You may be working on new floor applications for a commercial developer or maybe you’ve been hired to repair the concrete surface of a rec center. Whatever the case, different concrete coatings provide different functions. Some surfaces are meant to display a company brand and maintain an excellent shine year-round while others are strictly for functionality or repair needs.
As you may know, different concrete coating types will require varying levels of concrete roughness prior to installation (measured by CSP or concrete surface profile). How rough should your surface be? That depends. See the list below and read on for more information.
Concrete Surface Profiles Explained
Value measurements for any concrete surface profile (CSP) range from 1 to 10 or roughness of anywhere from 0.00 mm to 6.35mm and greater; 1 being a value for the finest surface and 10 is a value for the roughest.
The following represent the ranges of concrete roughness required for coating as measured by CSP:
- Sealers: CSP 1-2, or 0 to .075 mm
- Thin Films: CSP 2-3, or 0.1 to 0.25 mm
- High-Build Coatings: CSP 3-5, or 0.25 to 1 mm
- Self-Leveling Toppings: CSP 4-6, or 1.25 to 3.175 mm
- Polymer Resin, Concrete Overlays: CSP 5-9, or 3.175 mm to 6.35 mm
- Concrete Repair Materials: CSP 5-10, or 3.175 mm to 6.35 mm and beyond
New to applying concrete coats and finishes? Read on for more information.
Coating Differences Explained
The function of your concrete coating will vary depending on the client. But more often than not, commercial and residential projects will require concrete coating with some liquid resistance and opportunities for visual appeal.
Here we’ll cover the basic coating types and talk about their differences, to give you a better idea of which route to take.
Epoxy Coating vs Polyaspartic Coating
These are both great options. That said, epoxy coatings tend to be the more affordable option while polyaspartic coatings are long-lasting and may be cured in colder temperatures.
Applying a topcoat is vital especially to commercial operations. You’ll typically see these applied over an epoxy layer. Polyurethane topcoats provide chemical and scratch resistance as well as great gloss retention. They also make for an easier-to-clean surface.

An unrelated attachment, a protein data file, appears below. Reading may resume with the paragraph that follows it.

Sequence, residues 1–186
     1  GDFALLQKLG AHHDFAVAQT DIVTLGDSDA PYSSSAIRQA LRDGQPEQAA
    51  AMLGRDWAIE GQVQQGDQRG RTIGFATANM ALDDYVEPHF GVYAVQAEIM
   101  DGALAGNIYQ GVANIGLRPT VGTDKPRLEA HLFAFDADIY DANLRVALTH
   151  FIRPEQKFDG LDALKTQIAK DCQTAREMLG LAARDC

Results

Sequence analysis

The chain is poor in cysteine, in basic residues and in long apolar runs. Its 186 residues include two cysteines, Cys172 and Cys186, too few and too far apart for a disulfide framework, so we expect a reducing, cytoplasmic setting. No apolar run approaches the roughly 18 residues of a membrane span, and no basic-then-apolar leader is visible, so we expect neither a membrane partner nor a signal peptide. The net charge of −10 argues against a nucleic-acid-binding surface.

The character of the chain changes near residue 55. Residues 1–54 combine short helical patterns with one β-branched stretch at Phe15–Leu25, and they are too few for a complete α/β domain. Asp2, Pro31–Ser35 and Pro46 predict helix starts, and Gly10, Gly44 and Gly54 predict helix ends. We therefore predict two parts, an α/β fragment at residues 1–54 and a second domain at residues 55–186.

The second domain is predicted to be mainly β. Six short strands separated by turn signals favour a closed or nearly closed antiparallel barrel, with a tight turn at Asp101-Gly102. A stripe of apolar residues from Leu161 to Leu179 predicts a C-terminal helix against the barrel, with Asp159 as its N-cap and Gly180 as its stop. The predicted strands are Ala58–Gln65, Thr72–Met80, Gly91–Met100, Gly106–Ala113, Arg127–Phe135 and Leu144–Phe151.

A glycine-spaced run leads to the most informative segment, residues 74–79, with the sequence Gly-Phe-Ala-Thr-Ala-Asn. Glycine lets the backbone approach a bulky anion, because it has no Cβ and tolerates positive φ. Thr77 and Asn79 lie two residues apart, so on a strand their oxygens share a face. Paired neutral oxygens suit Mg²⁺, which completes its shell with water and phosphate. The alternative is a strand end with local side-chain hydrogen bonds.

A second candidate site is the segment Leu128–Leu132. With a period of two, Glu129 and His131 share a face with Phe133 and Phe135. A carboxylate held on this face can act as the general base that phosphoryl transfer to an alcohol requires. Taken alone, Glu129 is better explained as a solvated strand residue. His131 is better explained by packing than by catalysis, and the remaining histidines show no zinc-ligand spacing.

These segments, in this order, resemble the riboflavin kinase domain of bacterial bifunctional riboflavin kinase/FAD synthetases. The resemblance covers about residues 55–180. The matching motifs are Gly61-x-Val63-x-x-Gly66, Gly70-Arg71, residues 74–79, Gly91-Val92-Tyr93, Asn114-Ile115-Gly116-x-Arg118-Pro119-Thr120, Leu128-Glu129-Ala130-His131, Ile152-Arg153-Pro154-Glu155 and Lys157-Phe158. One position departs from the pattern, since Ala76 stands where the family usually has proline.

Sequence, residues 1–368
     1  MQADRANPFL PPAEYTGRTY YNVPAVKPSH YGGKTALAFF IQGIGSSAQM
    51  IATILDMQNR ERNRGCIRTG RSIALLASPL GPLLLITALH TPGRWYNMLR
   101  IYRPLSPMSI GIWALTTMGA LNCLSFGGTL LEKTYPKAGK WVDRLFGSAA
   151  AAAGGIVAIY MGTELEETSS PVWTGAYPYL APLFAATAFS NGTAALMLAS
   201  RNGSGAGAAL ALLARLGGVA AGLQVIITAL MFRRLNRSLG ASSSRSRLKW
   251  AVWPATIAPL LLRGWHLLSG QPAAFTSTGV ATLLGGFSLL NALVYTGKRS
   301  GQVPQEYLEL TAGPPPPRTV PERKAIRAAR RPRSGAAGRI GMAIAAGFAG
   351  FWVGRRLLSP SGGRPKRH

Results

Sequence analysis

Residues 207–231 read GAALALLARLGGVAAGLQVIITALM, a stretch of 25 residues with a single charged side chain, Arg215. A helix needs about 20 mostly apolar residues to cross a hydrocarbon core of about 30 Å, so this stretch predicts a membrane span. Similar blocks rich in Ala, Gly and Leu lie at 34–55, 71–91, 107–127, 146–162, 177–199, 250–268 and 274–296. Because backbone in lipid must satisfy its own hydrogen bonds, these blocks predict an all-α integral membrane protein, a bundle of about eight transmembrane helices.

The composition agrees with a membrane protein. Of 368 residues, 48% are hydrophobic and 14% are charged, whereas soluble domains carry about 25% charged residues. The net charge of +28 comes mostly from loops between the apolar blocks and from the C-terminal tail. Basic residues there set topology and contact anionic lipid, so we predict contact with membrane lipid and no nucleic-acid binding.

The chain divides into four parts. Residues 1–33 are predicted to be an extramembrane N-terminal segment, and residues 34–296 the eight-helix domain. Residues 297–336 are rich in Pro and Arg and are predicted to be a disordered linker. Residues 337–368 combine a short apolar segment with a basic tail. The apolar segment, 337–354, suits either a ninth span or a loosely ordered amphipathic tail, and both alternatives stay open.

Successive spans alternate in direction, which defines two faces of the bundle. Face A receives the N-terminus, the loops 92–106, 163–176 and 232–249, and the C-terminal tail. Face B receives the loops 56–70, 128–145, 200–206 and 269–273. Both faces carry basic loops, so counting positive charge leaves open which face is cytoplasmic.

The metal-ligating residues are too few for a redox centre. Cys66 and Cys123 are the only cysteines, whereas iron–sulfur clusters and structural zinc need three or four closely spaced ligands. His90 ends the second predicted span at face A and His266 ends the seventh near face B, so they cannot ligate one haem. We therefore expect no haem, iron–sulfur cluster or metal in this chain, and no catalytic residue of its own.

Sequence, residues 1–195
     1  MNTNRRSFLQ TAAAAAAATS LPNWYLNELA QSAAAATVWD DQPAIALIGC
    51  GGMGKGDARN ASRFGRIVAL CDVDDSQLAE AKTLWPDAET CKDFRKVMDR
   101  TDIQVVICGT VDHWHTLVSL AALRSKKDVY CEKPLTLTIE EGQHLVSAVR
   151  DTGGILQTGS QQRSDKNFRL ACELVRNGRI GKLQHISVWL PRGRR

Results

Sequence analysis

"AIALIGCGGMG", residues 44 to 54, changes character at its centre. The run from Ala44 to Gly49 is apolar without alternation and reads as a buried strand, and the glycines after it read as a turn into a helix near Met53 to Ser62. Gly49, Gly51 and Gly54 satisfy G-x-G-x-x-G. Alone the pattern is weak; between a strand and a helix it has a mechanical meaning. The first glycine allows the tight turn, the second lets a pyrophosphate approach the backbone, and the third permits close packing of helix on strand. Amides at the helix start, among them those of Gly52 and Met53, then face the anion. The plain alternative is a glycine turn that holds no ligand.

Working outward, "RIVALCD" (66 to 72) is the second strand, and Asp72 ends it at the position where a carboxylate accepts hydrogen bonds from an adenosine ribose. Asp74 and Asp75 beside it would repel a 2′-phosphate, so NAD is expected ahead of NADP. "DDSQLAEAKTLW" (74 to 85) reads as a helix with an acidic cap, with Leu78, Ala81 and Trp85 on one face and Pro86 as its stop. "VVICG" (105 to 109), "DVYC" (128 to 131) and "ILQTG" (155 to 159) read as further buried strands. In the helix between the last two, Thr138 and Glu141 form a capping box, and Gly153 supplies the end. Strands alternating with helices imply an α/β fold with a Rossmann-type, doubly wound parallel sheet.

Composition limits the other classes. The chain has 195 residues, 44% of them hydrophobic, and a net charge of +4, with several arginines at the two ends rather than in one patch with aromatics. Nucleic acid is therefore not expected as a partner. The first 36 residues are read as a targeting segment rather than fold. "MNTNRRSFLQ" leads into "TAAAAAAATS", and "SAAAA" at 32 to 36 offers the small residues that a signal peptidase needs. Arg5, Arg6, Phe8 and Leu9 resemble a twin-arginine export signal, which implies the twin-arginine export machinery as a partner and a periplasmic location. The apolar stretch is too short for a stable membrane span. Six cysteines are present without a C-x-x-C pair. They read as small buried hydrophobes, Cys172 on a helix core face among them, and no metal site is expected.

Concrete overlays are made of polymer resins; generally, they are mixes of sand and cement. These mixes are used in providing a greater visual appeal to the concrete surface. If you want to make your decorative concrete overlay last longer, you should roughen your concrete surface appropriately before applying the chosen overlays and pigments.
What Equipment Should I Use to Roughen My Concrete Surface?
Depending on the details of your project, there are a few different products you may want to use.
If you’re doing a reinstallation, then it may be in your best interested to bring a scarifier with you. That way you can not only remove the initial coating, but you can prep the concrete with the appropriate roughness in the meantime.
Certain diamond tooling grades will also leave finer levels of CSP over the surface as well. So, if you’re in the CSP 1-3 range, you may only need a planetary floor grinder.
For a higher CSP of roughness, consider using a shot blaster. Shot blasters are great for roughening surfaces that will be textured or colored. You’ll typically see shot blasters used in exterior projects like patios or indoor workshops.
Concrete Surface Equipment for Every Stage of Prep
At Runyon Surface Prep, we’re a full-service rental and sales facility with partners around the globe.
Our team specializes in customizing orders as projects demand. We have access to concrete coatings, equipment and accessories that will ensure a complete job that your clients will love. That includes the above-mentioned coatings as well as housekeeping products, power trowels, and much more.
Give us a call or connect with us online to learn more.